Developing pertinent skills will add to existing strengths. For example, acquire persuasion skills to help sell your proposals and recommendations. Gain relationship-building savvy so you can comfortably build rapport and forge connections. And — gulp-inducing though it may be — develop presentation skills, and seek opportunities to speak at company and industry meetings. Skills such as these develop competence, convey self-confidence, build credibility and open doors.

One other thought: Small adjustments in behaviour can prevent the negative perceptions that saddle some introverts. Sometimes, just smiling more can help.

Feeling drowned out by your extroverted peers?

Author Naomi Karten offers these survival tips:

– Be open about what you need. Explain to your more extroverted colleagues that when new ideas emerge, you’d like time to reflect on them before commenting.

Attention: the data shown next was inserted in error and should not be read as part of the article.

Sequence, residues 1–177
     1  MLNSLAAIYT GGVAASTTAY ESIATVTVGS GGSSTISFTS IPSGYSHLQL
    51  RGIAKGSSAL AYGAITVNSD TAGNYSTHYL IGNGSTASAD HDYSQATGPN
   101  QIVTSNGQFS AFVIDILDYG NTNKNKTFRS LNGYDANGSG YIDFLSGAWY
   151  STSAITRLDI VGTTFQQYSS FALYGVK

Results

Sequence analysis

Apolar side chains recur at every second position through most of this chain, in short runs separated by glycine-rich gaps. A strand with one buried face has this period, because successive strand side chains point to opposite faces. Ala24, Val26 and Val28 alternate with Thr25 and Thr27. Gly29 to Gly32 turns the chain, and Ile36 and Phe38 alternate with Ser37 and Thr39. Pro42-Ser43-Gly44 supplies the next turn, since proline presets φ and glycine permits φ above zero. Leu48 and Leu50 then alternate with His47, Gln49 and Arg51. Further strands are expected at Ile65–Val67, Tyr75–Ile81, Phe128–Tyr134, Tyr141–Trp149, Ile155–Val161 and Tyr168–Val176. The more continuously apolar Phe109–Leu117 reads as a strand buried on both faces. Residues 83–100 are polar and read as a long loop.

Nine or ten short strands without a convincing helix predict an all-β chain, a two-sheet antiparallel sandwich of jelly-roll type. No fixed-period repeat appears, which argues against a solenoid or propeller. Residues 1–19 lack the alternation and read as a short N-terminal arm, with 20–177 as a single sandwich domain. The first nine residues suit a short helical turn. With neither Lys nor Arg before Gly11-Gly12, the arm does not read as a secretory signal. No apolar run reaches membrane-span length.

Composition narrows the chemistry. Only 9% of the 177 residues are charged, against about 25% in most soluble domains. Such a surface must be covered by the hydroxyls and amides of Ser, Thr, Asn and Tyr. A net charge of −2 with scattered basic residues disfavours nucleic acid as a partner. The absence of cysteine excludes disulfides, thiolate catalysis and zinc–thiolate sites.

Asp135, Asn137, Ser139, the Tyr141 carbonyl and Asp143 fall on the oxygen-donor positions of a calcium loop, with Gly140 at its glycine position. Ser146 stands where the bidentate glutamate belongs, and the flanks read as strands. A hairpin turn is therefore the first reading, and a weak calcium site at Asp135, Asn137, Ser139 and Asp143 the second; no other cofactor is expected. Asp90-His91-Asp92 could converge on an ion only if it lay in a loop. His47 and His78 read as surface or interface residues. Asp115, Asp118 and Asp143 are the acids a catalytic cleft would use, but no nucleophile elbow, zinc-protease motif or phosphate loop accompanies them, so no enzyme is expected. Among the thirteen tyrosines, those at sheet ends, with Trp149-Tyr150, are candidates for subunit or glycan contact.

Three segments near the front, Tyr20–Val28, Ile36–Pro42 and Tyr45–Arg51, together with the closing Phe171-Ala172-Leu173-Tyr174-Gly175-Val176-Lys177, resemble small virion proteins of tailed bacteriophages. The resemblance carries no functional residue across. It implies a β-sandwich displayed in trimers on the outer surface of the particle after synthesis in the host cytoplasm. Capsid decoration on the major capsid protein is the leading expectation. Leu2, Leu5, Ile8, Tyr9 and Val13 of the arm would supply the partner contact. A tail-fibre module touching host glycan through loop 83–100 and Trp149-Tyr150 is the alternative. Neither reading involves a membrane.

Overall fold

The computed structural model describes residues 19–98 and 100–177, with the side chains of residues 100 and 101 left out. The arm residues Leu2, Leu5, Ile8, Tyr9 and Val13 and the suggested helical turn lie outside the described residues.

– Be receptive to extroverts’ needs. Encourage them to do the talking that enables them to reach an understanding of an issue.

– Use one-on-ones to your advantage. Spending time alone with decision-makers gives you a chance to deepen your relationship and present your ideas.

– Introduce techniques that can help you during group interactions, such as time-outs during brainstorming sessions or ground rules to ensure that everyone has a say.

– Collaborate with colleagues to determine how you’ll support one another so you can all do your best work, whether you’re introverted or extroverted.

– Learn to write clearly and compellingly, and use your writing power to advance your ideas.

– Have fun with your differences. Karten teases her extroverted colleagues about competing for the gold in the yap-athon. They kid her about not knowing which end of the phone to talk into.

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Jim Love, Chief Content Officer, IT World Canada